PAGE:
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Bible Study Small Group Guidelines and Priorities

Article contributed by Probe Ministries
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God will use your willingness to serve Him to have an impact for eternity on the lives of these women! Be praying now for how God is putting your group together for His purposes. He will. It never fails that you will see ways He has put women together so that they can relate to each other in significant ways and encourage each other in ways you can’t.

Expect that you will have ups and downs with your group!

1 Cor 15:58 Therefore, my brothers, be steadfast, immovable, always abounding in the work of the Lord, knowing that your toil is not in vain in the Lord.

It helps if we keep our focus on why we’re here, to examine our motives in why we’re serving. Motive—needs to be to be used by God in the lives of the women He gives you, serving them, loving them, pointing them to Christ. Community, making friends may be a by-product of being a small group leader, but if that’s primarily what you’re looking for; if your motive is anything other than serving God by serving His women, you will be disappointed. To listen, to care about them, to point them to Christ, then to trust the outcome to Him—that will never disappoint. God will decide how that will look, and He will not waste your investment of yourself.

Philippians 2:1-7 If you have any encouragement from being united with Christ, if any comfort from His love, if any fellowship with the Spirit, if any tenderness and compassion, then make my joy complete by being like-minded, having the same love, being one in spirit and purpose. Do nothing out of selfish ambition or vain conceit, but in humility consider others better than yourselves. Each of you should look not only to your own interests, but also to the interests of others. Your attitude should be the same as that of Christ Jesus: Who, being in very nature God, did not consider equality with God something to be grasped, but made Himself nothing, taking the very nature of a servant, being made in human likeness.

Your Role:

Your role as a small group leader is to facilitate the discussion and to shepherd the women in your group—to know where they are, not only in their lives, but in their walk with the Lord. You’ll be best able to do this by spending time with them during the Bible study and outside the Bible study time.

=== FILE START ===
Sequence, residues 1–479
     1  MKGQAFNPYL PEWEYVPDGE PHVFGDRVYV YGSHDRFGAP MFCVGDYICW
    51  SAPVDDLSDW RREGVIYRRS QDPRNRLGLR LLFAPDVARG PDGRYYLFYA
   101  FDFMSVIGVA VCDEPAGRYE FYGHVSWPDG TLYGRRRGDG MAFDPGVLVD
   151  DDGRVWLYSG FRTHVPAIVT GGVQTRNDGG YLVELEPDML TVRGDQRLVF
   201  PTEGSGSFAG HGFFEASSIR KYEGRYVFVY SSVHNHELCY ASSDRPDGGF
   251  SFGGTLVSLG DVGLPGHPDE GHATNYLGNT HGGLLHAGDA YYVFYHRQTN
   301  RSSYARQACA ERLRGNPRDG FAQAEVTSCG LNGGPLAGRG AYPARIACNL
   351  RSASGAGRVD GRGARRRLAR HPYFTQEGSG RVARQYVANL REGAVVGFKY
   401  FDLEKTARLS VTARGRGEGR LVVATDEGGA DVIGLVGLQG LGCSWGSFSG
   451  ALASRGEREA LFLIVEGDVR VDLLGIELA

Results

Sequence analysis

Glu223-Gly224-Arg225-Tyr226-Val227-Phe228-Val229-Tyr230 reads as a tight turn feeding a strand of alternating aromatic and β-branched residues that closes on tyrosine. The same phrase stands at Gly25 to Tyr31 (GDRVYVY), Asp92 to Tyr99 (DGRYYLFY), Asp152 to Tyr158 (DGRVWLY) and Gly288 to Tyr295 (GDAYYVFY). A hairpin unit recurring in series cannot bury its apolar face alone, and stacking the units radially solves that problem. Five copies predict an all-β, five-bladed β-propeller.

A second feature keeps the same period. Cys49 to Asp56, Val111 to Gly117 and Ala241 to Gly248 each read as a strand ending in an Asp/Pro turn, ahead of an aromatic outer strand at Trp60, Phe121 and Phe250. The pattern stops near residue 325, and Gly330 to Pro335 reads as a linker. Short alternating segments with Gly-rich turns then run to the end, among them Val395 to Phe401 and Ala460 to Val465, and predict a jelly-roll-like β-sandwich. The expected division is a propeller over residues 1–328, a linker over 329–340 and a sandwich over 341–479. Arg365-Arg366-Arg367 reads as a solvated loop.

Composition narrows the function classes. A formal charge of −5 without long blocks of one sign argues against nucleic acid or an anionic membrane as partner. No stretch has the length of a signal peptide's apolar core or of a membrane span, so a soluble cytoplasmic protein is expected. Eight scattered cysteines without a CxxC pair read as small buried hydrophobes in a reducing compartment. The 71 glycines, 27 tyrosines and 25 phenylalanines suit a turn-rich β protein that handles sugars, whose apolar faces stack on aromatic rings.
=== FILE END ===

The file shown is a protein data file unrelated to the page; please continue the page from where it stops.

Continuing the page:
What you do outside the Bible study time will affect your Bible study group time; and what you do during the Bible study time will affect your time outside the Bible study. As you love and care for your women during the week, they will be more committed to be there and to be open during the discussion; as you listen to what they say during the discussion, God will show you ways to pray for them, ways to connect with them and love them well. Pray God will show you where each woman is. Sometimes her response to a question will give you great insight. Listen.

We hope it will be freeing to you to realize what your role is and what God’s role is; your role is to love these women, to pray for them, to point them to Christ, to listen, to encourage them toward community; it is NOT your responsibility to change them or to solve all their problems. That is God’s responsibility alone; we can’t.

Phil 2:13—“for it is God Who works in you to will and to act according to His good purpose”

One of the most exciting things about serving God in this study is to watch Him change hearts—you WILL see Him do that this semester! You will get to see things He is doing that you wouldn’t if you weren’t serving here. You will watch God do things that only He can do. Be looking for that. It is such an incredible privilege to watch God change hearts—you WILL see Him do that. The better you get to know your women, the more you will be aware of what He is doing. It doesn’t get any better than that!

SMALL GROUP LEADERS: PARTNERING WITH THE WOMEN IN YOUR SMALL GROUP

Keys to leading a vibrant small group:

1. Prayer
2. Preparation
3. Perspective

Commit every aspect of your group and your leadership to God.

Phil 4:6-7 Do not be anxious about anything, but in everything by prayer and petition, with thanksgiving, present your requests to God. And the peace of God which transcends understanding, will guard your hearts and your minds in Christ Jesus.

As you give your leadership to God, He will give you a peace which will enable you to focus on Him and on your women, not on yourself and your insecurities.

Pray for your women. The more you are praying for them, the more you’ll be able to love each one of them with the love of Christ.

Preparation — have your lesson thoroughly done; know that passages as well as you can.

Some of you know the things we will be studying very well—for others, some of the things may be new. Just ask God to help you understand it and to equip you to lead the group—to know what’s on point; to know when it’s getting off track.

Another aspect of preparation is knowing your women —that will help you know what to draw out, how to respond with sensitivity.

As you’ve done these things, you will be able to focus on them, to really listen without thinking about yourself—“What should I say?” “What will they think of me?”

Perspective — knowing your role and God’s role. Be intentional about why you’re here; what your role is and what God’s role is. If I know why I’m doing something, I will stay focused, passionate, committed.

Remember the purpose of small groups:

1. Learn to apply God’s word to their lives. We want them to develop a hunger, habit of turning to God and His word for answers. Romans 12:1-2 so that we will be “transformed by the renewing of our minds.”

2. Foster authenticity and open sharing in order to “spur one another on to love and good deeds” (Heb 10:23-24).

3. All women need to feel connected. Small groups allows women to get connected to other people in a safe, small environment.

You want your group to promote these purposes—how you do create that?

To create it most effectively:

1. Encourage openness
2. Be the leader